The Dems are hoping to eke out key races by a percentage point or two. And some of those candidates, like Mary Landrieu or Allison Lundergan Grimes, would rather be photographed next to a rail car full of hydrocarbons than next to Barack Obama.

Republicans, on the other hand, have it relatively easy. With a few exceptions like the Grimes-Mitch McConnell race in Kentucky, there's little risk this year for the hardnosed Congressional anti-science caucus. Oklahoma Senator James Inhofe, the gold standard in climate denial, is running thirty points ahead of his Democratic opponent.

Over in the House, 17 of the 22 Republicans on the House Science, Space and Technology Committee don't accept the science on climate change. Florida Congressman Bill Posey is typical, with a 10-to-1 fundraising lead and an expected cakewalk win over Democrat Gabriel Rothblatt. In a committee hearing last March, Posey contributed an Al Gore joke, a reference to the infamous four-decade old Newsweek article on global cooling, and some extended hectoring of White House Science Advisor John Holdren, to the proceedings. His district is a NASA stronghold that includes the Kennedy Space Center. So Go, Science.

Talking the denier game

Chairman Lamar Smith self-identifies as a climate "skeptic" but talks a solid denier game. He has no opposition for re-election to his Texas seat. Randy Weber, who slyly offered to sell Holdren a winter coat in committee hearings, has a bigger fundraising margin and better prospects than Posey. 

Paul Broun, a Georgia physician who famously called evolution "Lies straight from the pit of hell" in a campaign speech two years ago, is leaving office after losing a Senate primary race. His likely replacement in Congress, if not on the committee, is a conservative radio talk show host named Jody Hice (Note to Daily Show: Watch this guy for future material). Former Committee chair Ralph Hall lost a GOP primary to someone even more conservative, but virtually all of the rest of the climate denial core on the Science Committee is very likely to return. Their committee assignments may change with the new Congress in January, but you get the picture.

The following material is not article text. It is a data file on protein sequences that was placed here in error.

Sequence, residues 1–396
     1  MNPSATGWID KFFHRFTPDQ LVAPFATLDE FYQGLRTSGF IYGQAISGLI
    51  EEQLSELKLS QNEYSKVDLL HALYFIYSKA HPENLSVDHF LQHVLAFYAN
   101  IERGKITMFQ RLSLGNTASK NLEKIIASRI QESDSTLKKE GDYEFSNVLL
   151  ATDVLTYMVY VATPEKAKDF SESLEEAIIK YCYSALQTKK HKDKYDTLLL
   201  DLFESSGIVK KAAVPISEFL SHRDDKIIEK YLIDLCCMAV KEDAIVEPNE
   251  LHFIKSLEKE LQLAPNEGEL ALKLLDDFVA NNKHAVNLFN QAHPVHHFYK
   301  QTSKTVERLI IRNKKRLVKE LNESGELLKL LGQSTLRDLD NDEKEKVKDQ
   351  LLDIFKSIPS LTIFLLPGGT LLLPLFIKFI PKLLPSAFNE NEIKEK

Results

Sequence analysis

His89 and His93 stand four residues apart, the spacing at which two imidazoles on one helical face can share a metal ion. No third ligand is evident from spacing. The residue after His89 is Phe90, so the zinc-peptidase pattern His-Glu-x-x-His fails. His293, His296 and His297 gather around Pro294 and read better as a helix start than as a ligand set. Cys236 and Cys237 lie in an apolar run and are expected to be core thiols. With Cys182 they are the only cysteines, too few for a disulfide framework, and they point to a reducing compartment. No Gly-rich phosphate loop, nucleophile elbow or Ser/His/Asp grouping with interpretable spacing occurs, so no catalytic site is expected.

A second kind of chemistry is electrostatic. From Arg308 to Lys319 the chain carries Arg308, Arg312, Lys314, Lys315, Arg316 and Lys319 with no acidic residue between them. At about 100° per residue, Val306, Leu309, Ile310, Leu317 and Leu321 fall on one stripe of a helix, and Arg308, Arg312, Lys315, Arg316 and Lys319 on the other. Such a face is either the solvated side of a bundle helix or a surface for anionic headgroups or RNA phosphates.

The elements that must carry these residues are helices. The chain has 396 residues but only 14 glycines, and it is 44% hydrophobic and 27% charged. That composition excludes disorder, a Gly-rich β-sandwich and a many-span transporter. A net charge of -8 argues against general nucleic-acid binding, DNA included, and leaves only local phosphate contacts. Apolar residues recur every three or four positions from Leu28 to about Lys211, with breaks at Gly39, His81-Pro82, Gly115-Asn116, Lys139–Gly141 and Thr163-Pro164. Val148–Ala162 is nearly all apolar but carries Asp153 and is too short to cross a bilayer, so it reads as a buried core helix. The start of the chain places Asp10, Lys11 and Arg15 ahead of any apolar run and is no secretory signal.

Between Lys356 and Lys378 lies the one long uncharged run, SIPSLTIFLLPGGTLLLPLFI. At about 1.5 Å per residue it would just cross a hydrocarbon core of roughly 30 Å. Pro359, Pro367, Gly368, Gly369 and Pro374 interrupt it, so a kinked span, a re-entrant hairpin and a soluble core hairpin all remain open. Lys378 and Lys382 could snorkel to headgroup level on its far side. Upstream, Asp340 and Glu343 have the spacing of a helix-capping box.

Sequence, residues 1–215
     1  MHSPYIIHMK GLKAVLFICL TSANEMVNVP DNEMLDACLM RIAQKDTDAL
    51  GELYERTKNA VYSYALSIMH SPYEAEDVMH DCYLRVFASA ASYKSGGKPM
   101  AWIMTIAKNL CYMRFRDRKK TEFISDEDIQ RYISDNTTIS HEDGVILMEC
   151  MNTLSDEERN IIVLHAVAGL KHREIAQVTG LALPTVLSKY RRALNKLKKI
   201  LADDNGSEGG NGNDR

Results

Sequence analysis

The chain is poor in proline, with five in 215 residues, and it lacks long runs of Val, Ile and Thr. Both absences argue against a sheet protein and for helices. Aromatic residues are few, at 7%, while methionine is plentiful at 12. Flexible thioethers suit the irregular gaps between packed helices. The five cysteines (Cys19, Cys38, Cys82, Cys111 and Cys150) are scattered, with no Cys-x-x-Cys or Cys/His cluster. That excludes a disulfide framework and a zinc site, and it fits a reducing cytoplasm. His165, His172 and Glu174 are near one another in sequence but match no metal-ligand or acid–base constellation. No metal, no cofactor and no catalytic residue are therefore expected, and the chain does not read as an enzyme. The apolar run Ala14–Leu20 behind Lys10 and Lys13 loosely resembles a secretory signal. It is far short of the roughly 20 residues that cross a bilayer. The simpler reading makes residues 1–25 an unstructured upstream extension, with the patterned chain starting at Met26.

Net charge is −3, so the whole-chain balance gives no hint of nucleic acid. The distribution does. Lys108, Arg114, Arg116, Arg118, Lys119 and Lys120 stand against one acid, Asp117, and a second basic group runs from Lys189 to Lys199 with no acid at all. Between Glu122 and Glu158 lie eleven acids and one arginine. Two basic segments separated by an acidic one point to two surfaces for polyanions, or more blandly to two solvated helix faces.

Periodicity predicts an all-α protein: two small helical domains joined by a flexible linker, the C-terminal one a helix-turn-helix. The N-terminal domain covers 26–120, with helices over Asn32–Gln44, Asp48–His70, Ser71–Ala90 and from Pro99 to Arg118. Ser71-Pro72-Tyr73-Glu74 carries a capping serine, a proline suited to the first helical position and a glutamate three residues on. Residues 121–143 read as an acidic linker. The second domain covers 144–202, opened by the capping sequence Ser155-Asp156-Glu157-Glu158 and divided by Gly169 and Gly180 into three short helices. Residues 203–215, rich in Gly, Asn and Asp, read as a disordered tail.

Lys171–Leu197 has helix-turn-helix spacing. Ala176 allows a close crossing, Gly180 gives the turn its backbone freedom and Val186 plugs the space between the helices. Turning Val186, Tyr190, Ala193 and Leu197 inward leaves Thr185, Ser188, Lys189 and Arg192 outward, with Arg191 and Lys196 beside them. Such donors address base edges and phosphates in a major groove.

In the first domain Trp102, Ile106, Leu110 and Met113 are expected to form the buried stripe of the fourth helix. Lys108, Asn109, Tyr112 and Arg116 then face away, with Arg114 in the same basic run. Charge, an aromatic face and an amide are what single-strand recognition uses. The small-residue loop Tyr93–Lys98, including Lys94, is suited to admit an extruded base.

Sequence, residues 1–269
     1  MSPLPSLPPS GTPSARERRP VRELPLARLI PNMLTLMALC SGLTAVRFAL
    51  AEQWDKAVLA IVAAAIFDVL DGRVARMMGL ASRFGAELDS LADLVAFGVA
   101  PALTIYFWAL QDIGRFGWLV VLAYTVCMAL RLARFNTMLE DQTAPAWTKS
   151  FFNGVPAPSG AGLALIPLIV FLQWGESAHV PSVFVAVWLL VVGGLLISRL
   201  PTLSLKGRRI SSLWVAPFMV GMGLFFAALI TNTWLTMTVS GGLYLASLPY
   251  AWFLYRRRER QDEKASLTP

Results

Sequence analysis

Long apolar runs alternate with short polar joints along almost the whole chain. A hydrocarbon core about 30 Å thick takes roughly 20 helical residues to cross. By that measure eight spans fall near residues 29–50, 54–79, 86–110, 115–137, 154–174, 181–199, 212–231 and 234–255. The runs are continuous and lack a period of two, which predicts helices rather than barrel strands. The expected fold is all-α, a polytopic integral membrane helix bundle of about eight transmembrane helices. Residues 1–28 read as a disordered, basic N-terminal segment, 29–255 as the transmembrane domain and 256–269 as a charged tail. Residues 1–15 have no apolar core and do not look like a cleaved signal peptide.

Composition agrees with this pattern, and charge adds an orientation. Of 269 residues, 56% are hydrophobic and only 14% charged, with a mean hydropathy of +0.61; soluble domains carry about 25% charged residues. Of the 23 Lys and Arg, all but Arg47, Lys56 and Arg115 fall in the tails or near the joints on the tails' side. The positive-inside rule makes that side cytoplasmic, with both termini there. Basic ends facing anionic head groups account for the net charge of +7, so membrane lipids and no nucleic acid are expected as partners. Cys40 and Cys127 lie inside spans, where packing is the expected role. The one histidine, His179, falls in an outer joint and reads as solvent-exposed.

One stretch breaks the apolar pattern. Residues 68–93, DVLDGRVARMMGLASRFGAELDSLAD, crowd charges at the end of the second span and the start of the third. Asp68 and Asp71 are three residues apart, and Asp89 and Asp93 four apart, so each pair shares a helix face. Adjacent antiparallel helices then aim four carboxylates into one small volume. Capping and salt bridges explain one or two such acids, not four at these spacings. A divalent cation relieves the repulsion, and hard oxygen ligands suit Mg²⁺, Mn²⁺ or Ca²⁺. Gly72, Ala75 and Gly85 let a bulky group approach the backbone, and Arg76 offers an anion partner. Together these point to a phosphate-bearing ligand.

So even if the Dems cling to a majority in the Senate -- and don't hold your breath -- the best outcome for environmentalists is that their increased sophistication will buy some time and some Beltway legitimacy. In 2013, the League of Conservation Voters scorecard saw the widest gulf between Republicans and Democrats ever, over 80%, with the GOP'ers bottoming out at a 5% score. In 1980, LCV's data had the two parties' environmental votes only 17% apart (Bonus: That year, LCV gave young congressman Newt Gingrich a 15% higher score than young congressman Al Gore). 

Immense partisan gulf

The partisan gulf is immense. It can't possibly grow a whole lot wider, but it's not narrowing, either. Throw in the impacts of the Supreme Court's Citizens United ruling, unleashing wild campaign spending. Then throw in an addled news media.

Steyer may have gotten environmental politics into the big game. If the Senate stays in the Democrats' hands, he'll be a major reason why. But the big game is in the top of the first inning, and there are big bats, a huge payroll, and a different rulebook in effect in the other dugout. It's a way too soon for anyone to say the enviros are setting the outcome.